from the firm. To make adjustment in the cost of retained earnings for tax and costs of purchasing new securities, the following formula may be adopted : WEIGHTED AVERAGE COST OF CAPITAL Once the specific cost of capital of each of the long term sources i.e., the debt, the preference share capital, the equity share capital and the retained earnings have been ascertained, then the next step is to calculate the overall cost of capita! Of the firm. This overall cost of capital of the firm is relevant as this rate is used as the discount rate or the cut-off rate in evaluating the capital budgeting proposals. The overall cost of capital may be defined as the rate of return that must be earned the firm in order to satisfy the requirements of the different investors. The overall cost of capital is thus, the minimum required rate of return on the assets of the firm. This overall cost of capital should take care of the relative proportion different sources in the capital structure of the firm. Therefore, this overall cost of capital should be calculated as the weighted average rather than simple average of different specific cost of capital. The weighted average cost of capital (WACC defined as the weighted average of the cost of different sources and may be described as follows : WACC Ke.w 1 + k,.w2 +k .w3 Where, WACC Weighted Average Cost of Capital Ke Cost of equity capital Kd after tax cost of debt Kp Cost of preference shares W1 Proportion of equity capital in capital structure W2 Proportion of debt in capital structure W3 Proportion of preference capital in capital structure. As most of the firms use more than one source of capital fund in financing the capital budgeting proposals and because over time, the mix of these sources may change, it is necessary to examine the cost of the firm's capital structure as a whole. The firm must have a cost of capital that is weighted to reflect the differences in various sources used. It encompasses the cost of compensating the debt investors, preference shareholders and the equity shareholders. So, in order to calculate the WACC, there must be a system of assigning weights to different specific cost of capital. The following considerations are worth noting while assigning weights to specific cost of capital to find out the WACC. Historical, Marginal and Target Weights: As already noted, the WACC is found by weighing the specific cost of capital for each type of financing by its proportion in the overall capital structure. The weights which may be assigned and used to find out the WACC may be as follows: A. Historical or Existing Weights: Historical or existing weights are the weights based on the actual or existing proportions of different sources in the overall capital structure. Such weighing system is based on the actual proportions at the time when the WACC is being calculated. In other words, the weighing system is the proportions in which the funds have already been raised by the firm. The use of historical weights is based on two important assumptions namely (i) that the firm would raise the additional resources required for financing the investment proposals, in the same proportions in which they are appearing at present in the capital structure, and (ii) that the present capital structure is optimal and therefore the firm wants to continue with the same pattern in future also. However, there may be some problems in applying the historical weights. The firm may not be able to raise additional finance in the same proportion as existing one because of prevailing economic and capital market conditions, legal constraints or other factors. Further, the assumption of existing capital structure being the optimal one may not always hold good. B. Marginal Weights: The other system of assigning weights is the marginal weights system. The marginal weights refer to the proportions in which the firm wants or intends to raise funds from different sources. In other words, the proportions in which additional funds required to finance the investment proposals will be raised are known as marginal weights. So, in case of marginal weights, the firm in fact, calculates the actual WACC of the incremental funds. Theoretically, the system of marginal weights seems to be good enough as the return from investment will be compared with the actual cost of funds. Moreover, if a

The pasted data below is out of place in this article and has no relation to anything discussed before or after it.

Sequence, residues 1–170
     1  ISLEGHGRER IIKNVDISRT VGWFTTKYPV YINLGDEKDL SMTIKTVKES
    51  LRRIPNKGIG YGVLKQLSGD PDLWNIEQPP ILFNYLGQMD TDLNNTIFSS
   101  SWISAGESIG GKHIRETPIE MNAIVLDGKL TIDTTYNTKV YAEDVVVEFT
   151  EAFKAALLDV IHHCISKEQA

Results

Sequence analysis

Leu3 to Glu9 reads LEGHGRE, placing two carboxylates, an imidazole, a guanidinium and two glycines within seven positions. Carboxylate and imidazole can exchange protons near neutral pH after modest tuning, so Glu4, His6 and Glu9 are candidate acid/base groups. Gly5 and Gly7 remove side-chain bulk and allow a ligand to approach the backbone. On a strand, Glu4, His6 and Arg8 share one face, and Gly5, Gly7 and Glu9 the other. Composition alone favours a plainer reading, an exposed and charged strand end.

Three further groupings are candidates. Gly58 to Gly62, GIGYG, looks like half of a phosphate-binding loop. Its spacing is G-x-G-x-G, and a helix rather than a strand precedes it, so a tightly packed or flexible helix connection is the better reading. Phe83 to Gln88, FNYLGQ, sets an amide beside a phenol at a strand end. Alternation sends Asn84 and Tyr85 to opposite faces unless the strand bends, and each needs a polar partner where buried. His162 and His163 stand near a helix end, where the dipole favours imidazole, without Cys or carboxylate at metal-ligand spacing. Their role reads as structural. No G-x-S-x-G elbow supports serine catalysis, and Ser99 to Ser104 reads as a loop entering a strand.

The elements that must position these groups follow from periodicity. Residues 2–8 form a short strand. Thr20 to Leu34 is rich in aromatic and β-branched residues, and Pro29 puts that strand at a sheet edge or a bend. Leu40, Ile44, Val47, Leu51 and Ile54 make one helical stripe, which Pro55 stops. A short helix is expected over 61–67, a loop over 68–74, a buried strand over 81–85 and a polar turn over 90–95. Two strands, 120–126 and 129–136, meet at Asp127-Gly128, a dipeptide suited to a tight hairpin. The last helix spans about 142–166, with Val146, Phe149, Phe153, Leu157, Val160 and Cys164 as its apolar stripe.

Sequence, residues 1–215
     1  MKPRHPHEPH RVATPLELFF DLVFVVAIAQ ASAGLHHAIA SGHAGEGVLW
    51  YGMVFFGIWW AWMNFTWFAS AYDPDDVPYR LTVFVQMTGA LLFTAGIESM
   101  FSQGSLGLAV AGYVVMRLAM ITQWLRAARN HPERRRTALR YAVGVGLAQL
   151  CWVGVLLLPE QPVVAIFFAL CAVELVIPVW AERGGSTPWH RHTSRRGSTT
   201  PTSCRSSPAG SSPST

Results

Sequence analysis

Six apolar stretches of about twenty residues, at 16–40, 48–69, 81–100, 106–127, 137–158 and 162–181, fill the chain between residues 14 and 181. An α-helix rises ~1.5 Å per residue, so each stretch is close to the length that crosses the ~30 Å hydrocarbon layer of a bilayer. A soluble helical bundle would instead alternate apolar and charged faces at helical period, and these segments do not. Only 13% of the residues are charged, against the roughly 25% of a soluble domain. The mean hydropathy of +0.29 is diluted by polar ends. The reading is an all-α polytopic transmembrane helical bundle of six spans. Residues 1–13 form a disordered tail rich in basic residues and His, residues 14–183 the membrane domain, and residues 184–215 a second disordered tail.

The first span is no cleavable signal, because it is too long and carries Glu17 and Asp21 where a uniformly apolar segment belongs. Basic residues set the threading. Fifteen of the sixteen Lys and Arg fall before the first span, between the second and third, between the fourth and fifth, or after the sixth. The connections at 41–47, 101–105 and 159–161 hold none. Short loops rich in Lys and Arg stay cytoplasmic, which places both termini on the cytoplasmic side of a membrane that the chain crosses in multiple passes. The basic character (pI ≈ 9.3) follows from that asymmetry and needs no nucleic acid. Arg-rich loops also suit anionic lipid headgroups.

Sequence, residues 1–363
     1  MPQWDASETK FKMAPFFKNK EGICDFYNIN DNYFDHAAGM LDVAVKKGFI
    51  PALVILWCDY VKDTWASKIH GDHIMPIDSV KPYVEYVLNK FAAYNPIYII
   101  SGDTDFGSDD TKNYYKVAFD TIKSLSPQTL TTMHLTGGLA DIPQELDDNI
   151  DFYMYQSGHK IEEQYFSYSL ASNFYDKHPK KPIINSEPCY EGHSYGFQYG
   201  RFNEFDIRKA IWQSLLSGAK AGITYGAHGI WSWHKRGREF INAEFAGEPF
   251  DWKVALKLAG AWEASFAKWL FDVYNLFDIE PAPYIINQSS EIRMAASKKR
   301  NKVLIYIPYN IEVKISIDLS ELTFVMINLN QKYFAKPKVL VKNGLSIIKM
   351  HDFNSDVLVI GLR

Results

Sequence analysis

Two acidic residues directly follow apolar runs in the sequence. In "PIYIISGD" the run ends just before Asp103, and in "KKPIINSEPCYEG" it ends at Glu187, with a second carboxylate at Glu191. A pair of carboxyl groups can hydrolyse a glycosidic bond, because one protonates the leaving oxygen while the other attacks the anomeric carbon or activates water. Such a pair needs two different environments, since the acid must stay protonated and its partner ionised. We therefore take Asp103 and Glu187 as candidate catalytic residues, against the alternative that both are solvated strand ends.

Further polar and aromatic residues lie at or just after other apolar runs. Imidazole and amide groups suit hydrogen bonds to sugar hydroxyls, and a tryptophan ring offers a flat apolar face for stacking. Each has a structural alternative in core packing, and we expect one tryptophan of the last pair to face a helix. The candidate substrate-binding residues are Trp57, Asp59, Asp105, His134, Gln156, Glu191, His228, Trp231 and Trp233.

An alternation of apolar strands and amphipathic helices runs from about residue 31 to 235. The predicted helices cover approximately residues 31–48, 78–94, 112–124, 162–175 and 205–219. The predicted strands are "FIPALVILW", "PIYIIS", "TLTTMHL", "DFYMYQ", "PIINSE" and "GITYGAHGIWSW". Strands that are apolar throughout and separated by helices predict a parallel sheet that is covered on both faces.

particular source which has been used in the past but is not being used now to raise additional funds, or cannot be used now, for one or the other reason, then why should it be allowed to enter the decision process even through the weighing system? However, there are some shortcomings of the marginal weights system. In particular, the capital budgeting decision process requires the long term perspective whereas the marginal weights ignore this. In the short run, the firm may be tempted to raise funds only from cheaper sources and thereby accepting more and more proposals. However, later on when other sources will have to be resorted to, some projects which should have been accepted otherwise, will be rejected because of higher cost of capital. C. Target Weights: The target weights refer to the proportion in which the firm plans to raise the funds from various sources in the long run. In other words, the target weights system reflects the desired long term financial plans or capital structure of a firm. In the target weights system, the firm in the first instance decides about the shape of the optimal capital structure and proportion of different sources in this optimal capital structure. This, then, will be achieved by the firm in the long run. At a particular point of time, the actual capital structure may not be the optimal capital structure, but in the long run, the firm intends to shape it as an optimal capital structure. If a firm already has an optimal capital structure, then its historical weights will be equal to the target weights. Unless a firm's existing capital structure significantly differs from the optimal capital structure, the WACC using historical weights is not expected to be different from the WACC using target weights. Theoretically speaking, the use of the target weights is the best option as this system incorporates the long term perspective of the firm. In the following discussion, therefore, the target weights system will be used to find out the WACC. Book Value versus Market Value Weights: The weights to be used for calculation of WACC can either be based on the book value or the market value of the funds raised from different sources. A. Book Value Weights: The weights are said to be book value weights if the proportions of different sources are ascertained on the basis of the face values i.e., the accounting values. The book value weights can be easily calculated by taking the relevant information from the capital structure as given in the balance sheet of the firm. The book value weights are considered as a sound weighing system as it is operational in nature and a firm may design its capita! Structure in terms of as it appears in the balance sheet. However, the book value weights system does not truly reflect the economic values. In fact, the weighing system should be market determined. The book value weights system is not consistent with the definition of the overall cost of capital, which is defined as the minimum rate of return needed to maintain the firm's market value. The book value weights ignore the market values. B. Market Value Weights: The weights may also be calculated on the basis of the market value of different sources i.e., the proportion of each source at its market value. In order to calculate the market value weights, the firm has to find out the current market price of the securities in each category. However, a problem may arise if there is no market value available for a particular type of security. The advantages of using the market value weights may be 1. The market value weights are consistent with the concept of maintaining market value in the definition of the overall cost of capital. 2. The market value weights provide current estimate of the investor's required rate of return. 3. The market value weights yield good estimate of the cost of capital that would be incurred should the firm require additional funds from the market. 4. However, the market values weights suffer from some limitations as follows: 5. Not only that the market values of all types of securities issued have to be obtained but also that the market value of equity share is to be segregated into capital and retained earnings. 6. The market values are subject to change from time to time and so the concept of optimal capital structure in terms of market values does not remain relevant any longer. 7. External factors which affect the market value, will affect the cost of capital also and therefore, the investment decision process will be influenced by the external factors. The weights to be assigned to different sources of funds are clearly going to be different if the financial analyst choose to apply current market value weights as against the book values as stated in the balance sheet. He must be guided by the purpose of the analysis in deciding which value is relevant. If he is deriving a criterion against